My Fredrikson & Byron colleague Brandon Underwood is the author of today’s guest-post:

On May 31, 2019, in Webb v. Farmers of North America, Inc. (No. 17-3456), the Eighth Circuit dismissed an employer’s appeal challenging how the lower court had read an arbitration agreement.  The employer, citing the agreement with its employee, had actually persuaded the lower court to require the employee to arbitrate his case.  So why the employer’s appeal?

After the district court ordered him to arbitrate his case, the employee challenged who would arbitrate it, and the court sided with him.  The Eighth Circuit then tossed the employer’s appeal, holding that it lacked jurisdiction, primarily because the case wasn’t yet final.  Federal appellate courts don’t ordinarily review non-final—or, “interlocutory”—orders.

But this is an employment law blog, and those are procedural points. Webb contains a lesson for employment lawyers (any lawyer who reads or writes contracts, really) because its underlying dispute was about an arbitration agreement’s wording.

Under the agreement, the parties agreed to arbitrate their claims under “the rules” of the American Arbitration Association, a well-known arbitral body.  Even so, the plaintiff contended this provision didn’t require the AAA to be the arbitrator; a non-AAA arbitrator could preside, as long as it applied the AAA’s rules.  The district court agreed, finding that if the employer had meant for all the parties’ disputes to be submitted to the AAA, it could have said so.  So the dispute would be arbitrated—just not necessarily before the AAA.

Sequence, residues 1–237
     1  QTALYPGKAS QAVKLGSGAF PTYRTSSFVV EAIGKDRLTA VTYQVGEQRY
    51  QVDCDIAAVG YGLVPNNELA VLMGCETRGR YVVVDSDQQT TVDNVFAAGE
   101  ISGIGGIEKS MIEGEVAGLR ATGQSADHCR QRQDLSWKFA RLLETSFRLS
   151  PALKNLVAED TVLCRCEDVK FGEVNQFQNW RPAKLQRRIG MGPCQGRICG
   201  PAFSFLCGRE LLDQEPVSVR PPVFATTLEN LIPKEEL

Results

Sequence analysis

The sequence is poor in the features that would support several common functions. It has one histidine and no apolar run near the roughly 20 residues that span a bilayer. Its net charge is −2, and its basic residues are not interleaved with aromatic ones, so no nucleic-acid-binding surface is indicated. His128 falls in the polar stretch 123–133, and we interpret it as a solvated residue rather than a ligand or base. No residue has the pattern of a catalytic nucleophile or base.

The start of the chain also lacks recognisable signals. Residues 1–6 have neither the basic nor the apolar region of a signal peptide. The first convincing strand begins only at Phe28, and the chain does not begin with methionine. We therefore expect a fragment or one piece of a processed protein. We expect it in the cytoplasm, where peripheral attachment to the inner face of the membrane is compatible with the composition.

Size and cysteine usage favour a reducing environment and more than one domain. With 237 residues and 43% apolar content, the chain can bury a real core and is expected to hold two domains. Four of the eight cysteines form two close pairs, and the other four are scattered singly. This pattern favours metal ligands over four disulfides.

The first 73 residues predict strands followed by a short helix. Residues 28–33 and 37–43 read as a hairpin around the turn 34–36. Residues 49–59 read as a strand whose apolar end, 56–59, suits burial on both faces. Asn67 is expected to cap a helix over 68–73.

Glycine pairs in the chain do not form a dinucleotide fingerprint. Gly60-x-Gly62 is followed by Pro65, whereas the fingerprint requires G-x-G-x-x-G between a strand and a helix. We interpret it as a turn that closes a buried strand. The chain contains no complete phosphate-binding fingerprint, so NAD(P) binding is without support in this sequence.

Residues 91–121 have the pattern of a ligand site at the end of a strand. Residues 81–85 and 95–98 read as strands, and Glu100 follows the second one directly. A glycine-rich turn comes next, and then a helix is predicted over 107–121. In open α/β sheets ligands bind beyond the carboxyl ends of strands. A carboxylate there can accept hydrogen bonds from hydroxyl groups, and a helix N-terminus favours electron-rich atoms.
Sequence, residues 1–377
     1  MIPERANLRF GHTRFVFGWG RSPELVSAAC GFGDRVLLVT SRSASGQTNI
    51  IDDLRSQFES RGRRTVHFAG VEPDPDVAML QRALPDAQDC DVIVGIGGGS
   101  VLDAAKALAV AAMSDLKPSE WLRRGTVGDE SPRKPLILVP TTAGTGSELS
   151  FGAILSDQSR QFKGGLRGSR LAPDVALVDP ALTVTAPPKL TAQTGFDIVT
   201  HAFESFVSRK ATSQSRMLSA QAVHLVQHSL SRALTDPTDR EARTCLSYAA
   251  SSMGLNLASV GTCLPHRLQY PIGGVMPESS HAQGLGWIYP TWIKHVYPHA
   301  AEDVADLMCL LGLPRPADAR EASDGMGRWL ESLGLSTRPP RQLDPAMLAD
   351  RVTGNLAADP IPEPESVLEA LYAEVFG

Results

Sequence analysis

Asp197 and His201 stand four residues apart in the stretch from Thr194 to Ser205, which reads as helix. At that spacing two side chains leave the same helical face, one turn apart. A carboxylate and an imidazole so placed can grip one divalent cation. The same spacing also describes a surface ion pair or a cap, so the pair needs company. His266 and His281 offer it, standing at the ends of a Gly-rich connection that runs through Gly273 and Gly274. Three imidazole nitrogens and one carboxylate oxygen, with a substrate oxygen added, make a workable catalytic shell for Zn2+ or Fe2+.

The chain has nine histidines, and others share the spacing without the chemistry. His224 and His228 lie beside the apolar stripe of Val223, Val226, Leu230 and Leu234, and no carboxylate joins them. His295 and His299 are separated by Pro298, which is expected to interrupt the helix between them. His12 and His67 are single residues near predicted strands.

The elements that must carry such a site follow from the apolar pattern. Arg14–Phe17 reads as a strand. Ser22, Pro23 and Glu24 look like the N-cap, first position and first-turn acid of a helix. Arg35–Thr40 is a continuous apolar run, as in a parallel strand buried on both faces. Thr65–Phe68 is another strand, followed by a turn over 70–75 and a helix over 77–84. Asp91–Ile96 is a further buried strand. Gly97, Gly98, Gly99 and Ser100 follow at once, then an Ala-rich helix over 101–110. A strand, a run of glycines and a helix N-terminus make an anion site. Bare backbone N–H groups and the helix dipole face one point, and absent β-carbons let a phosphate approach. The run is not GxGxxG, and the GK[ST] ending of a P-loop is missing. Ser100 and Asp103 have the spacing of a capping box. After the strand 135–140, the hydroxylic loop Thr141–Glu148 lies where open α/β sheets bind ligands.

It’s worth emphasizing that the Eighth Circuit’s opinion in Webb doesn’t address the merits of the district court’s ruling.  Its correctness will have to be reviewed, if ever, in a later appeal.

But the case highlights the importance of specifically designating who will arbitrate employee disputes, rather than assuming that a reference to a particular body’s rules is enough.  If the arbitration agreement in Webb had specified that the arbitration would be administered by the AAA (or another body) under its rules, the district court would have lacked grounds to find the agreement ambiguous.  Indeed, construction-industry contracts between contractors often contain this term or one similar to it.  These contracts may supply useful models for designating an arbitral body.  By specifying a particular arbitrator, parties can avoid having to reach agreement on mutually acceptable arbitrator, as the district court in Webb directed.